Triumph Tigress/BSA Sunbeam British scooter

The Triumph Tigress, also sold as the BSA Sunbeam, was a scooter designed to have good performance and handling for the motorcycle enthusiast. The entry of the BSA group into the scooter field was announced by Edward Turner in October 1958. The 250 cc model would have a cruising speed of 55 to 60 mph and petrol consumption of 120 miles per imperial gallon. A prototype 250 cc BSA Sunbeam was displayed at the 1958 Earl's Court Cycle and Motor Cycle Show. Manufacture started in late 1959, but delivery difficulties were acknowledged due to problems with recruiting labour, although it was claimed that the group had a manufacturing capacity of 50,000 machines a year.

Unit construction

Unit construction is the design of larger motorcycles where the engine and gearbox components share a single casing. This sometimes includes the design of automobile engines and was often loosely applied to motorcycles with rather different internal layouts such as the flat twin BMW models.

Ariel Motorcycles

Ariel Motorcycles was a British maker of bicycles and then motorcycles in Bournbrook, Birmingham. It was an innovator in British motorcycling, part of the Ariel marque. The company was sold to BSA in 1951 but the brand survived until 1967. Influential Ariel designers included Val Page and Edward Turner. The last motorcycle-type vehicle to carry the Ariel name was a short-lived three-wheel tilting moped in 1970.

Edward Turner (motorcycle designer)

Edward Turner was an English motorcycle designer. He was born in Camberwell in the London Borough of Southwark, on the day King Edward VII was proclaimed King. In 1915, Turner had his first ride on a motorcycle, a Light Tourist New Imperial.

BSA Golden Flash

The BSA Golden Flash, commonly referred to as the Gold Flash, was a 646 cc (39.4 cu in) air-cooled parallel twin motorcycle designed by Bert Hopwood and produced by Birmingham Small Arms Company (BSA) at Small Heath, Birmingham. The Golden Flash was the first model in the BSA A10 series. It was available in black and chrome; but it was the distinctive golden paint scheme that gave The Golden Flash its name. Production continued until 1963, when it was superseded by the BSA A65 Star.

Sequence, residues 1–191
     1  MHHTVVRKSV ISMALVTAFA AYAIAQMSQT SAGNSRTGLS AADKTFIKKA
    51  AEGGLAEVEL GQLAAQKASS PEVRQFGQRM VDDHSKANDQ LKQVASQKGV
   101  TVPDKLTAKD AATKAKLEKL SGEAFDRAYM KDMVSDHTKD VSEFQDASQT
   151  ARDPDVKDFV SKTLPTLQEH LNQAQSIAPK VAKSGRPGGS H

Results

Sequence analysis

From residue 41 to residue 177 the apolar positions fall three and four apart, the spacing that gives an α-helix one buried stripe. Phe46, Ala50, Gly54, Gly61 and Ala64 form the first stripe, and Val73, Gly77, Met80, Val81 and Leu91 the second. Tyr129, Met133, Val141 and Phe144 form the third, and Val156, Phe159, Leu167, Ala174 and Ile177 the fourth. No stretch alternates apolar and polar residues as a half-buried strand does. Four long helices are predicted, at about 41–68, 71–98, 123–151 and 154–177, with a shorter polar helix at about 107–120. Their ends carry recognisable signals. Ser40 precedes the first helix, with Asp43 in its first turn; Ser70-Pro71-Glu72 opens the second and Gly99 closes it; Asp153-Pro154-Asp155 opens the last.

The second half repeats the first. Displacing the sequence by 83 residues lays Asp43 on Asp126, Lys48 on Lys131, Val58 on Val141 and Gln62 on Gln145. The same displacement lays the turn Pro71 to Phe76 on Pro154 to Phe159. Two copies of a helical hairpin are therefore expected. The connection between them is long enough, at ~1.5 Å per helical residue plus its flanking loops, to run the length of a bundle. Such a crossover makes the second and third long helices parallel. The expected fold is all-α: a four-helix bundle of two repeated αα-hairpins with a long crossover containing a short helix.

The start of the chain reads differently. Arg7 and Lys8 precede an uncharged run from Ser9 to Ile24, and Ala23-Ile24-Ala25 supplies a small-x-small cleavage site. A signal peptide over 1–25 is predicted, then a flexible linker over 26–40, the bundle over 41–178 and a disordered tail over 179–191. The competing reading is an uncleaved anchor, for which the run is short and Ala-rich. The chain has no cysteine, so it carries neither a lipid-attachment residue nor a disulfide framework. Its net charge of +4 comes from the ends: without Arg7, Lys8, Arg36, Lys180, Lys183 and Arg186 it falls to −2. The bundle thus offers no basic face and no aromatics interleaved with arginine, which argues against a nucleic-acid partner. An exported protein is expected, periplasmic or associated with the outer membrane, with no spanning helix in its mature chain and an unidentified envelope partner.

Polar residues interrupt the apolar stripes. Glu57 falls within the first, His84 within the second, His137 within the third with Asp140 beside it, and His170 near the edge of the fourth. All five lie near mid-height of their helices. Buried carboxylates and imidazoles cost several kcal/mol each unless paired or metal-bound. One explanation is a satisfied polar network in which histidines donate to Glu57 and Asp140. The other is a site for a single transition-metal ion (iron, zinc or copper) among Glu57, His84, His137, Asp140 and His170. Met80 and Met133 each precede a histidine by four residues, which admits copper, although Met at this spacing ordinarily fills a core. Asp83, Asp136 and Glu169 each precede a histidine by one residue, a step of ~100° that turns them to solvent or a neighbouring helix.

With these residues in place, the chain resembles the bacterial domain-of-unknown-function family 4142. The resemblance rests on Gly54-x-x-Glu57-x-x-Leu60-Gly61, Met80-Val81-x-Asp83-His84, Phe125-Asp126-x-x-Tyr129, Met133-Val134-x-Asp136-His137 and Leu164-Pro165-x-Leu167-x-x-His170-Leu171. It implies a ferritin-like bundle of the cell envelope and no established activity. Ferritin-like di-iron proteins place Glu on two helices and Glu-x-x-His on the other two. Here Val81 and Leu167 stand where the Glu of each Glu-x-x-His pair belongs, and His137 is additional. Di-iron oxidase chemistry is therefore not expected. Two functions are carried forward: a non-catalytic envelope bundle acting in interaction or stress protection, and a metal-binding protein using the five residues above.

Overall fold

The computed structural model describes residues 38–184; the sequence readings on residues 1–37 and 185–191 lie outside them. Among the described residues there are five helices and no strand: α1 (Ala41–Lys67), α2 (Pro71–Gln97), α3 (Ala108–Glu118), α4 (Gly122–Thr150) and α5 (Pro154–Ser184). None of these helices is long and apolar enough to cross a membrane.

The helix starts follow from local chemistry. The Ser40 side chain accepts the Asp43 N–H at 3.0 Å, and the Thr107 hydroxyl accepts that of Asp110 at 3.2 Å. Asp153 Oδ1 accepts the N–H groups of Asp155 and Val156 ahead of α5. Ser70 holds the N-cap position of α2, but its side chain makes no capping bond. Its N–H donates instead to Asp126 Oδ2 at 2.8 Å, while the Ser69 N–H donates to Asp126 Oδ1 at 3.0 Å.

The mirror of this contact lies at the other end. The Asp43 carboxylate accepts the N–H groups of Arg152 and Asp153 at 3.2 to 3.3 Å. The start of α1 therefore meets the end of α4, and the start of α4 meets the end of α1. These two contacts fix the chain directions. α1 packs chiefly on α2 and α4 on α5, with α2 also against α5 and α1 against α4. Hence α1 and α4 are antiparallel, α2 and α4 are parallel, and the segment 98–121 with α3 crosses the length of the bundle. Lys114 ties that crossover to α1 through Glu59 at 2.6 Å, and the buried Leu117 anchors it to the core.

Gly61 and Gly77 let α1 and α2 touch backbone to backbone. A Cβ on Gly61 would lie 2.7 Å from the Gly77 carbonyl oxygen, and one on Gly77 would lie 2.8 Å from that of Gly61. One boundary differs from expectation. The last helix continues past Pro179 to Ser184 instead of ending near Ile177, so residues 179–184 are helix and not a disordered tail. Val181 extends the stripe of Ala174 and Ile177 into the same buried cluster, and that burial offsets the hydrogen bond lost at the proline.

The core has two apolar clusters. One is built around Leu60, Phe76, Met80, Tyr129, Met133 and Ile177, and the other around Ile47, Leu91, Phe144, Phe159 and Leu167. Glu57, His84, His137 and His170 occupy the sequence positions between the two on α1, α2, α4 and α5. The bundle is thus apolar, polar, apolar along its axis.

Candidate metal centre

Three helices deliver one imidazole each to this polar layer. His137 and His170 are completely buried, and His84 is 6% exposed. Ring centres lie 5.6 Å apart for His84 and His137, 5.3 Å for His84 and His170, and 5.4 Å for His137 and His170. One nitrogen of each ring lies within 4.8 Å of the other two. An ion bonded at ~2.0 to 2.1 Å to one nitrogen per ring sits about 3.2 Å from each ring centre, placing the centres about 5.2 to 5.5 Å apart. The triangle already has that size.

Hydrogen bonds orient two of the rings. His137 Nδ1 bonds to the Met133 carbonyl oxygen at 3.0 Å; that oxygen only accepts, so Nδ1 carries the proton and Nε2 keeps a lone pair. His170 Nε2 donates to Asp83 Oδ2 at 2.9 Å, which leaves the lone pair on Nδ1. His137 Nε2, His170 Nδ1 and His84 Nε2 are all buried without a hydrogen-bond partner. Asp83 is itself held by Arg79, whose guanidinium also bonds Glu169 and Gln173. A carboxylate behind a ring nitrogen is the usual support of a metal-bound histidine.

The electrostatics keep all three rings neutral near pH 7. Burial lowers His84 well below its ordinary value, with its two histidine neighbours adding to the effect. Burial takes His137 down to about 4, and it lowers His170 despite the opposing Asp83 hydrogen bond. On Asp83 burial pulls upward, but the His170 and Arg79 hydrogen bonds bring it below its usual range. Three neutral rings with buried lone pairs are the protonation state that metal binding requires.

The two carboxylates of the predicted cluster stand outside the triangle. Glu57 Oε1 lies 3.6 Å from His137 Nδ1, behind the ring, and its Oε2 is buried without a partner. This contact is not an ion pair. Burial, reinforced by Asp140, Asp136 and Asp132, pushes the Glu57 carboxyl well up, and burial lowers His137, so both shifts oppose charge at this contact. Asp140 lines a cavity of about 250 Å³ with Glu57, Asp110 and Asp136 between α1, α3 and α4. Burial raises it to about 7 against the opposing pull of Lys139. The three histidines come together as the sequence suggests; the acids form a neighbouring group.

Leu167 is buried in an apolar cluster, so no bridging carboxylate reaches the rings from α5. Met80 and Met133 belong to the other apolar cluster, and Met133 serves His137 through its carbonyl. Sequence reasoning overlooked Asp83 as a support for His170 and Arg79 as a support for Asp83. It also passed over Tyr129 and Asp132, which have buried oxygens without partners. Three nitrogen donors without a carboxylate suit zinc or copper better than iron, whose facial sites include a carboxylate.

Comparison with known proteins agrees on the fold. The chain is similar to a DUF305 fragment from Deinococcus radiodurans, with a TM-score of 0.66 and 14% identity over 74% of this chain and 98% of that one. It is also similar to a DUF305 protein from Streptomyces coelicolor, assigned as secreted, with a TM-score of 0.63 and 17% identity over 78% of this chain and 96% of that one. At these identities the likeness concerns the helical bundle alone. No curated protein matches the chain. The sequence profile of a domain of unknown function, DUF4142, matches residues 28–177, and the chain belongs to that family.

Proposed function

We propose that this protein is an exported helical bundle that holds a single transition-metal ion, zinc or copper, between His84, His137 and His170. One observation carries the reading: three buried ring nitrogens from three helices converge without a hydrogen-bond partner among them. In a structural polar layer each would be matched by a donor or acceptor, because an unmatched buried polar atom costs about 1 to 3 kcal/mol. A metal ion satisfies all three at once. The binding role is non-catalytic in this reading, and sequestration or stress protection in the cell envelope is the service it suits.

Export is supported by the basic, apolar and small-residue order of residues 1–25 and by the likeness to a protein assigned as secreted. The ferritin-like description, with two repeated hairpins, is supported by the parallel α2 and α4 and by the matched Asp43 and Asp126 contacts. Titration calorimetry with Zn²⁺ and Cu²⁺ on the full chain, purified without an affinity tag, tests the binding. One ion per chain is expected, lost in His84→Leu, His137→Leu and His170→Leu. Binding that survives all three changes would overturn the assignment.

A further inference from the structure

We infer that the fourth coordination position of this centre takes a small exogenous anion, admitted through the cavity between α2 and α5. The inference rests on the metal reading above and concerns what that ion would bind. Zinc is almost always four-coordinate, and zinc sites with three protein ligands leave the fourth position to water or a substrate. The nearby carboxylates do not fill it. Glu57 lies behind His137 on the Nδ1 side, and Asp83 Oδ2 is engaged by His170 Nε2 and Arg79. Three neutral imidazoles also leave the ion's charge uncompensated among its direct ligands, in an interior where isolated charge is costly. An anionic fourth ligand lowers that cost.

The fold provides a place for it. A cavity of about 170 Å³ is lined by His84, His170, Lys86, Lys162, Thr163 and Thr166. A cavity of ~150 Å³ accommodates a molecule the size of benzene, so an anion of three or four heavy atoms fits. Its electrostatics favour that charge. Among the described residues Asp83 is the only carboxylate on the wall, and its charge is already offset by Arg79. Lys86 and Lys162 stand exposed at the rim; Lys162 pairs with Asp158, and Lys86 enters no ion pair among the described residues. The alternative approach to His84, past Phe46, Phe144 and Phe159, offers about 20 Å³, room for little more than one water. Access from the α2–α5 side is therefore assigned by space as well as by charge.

Ariel Leader British motorcycle

The Ariel Leader was a British motorcycle produced by Ariel Motorcycles between 1958 and 1965. A radical design, the Leader was fully enclosed with an integral windscreen and was the first British motorcycle to have optional flashing indicators. Ariel could not compete against Japanese imports and the last Ariel Leader was produced when the company closed in 1965.

Featherbed frame Motorcycle frame

The featherbed frame was a motorcycle frame invented by the McCandless brothers and offered to the British Norton motorcycle company to improve the performance of their racing motorcycles in 1950. It was considered revolutionary at the time, and the best handling frame that a racer could have. Later adopted for Norton production motorcycles, it was also widely used by builders of custom hybrids such as the Triton, becoming legendary and remaining influential to this day.

BSA A7

The BSA A7 was a 500cc motorcycle model range made by Birmingham Small Arms Company (BSA) at their factory in Armoury Road, Small Heath, Birmingham. The range was launched in 1946 using a 495 cc (30.2 cu in) long stroke engine. An improved 497 cc (30.3 cu in) version based on the BSA A10 engine was launched in 1950. The various A7 models continued in production with minor modifications until 1961/2 when they were superseded by the unit-construction A50 model.

BSA C15 British, 250 cc single cylinder motorcycle, produced by BSA in the 1960s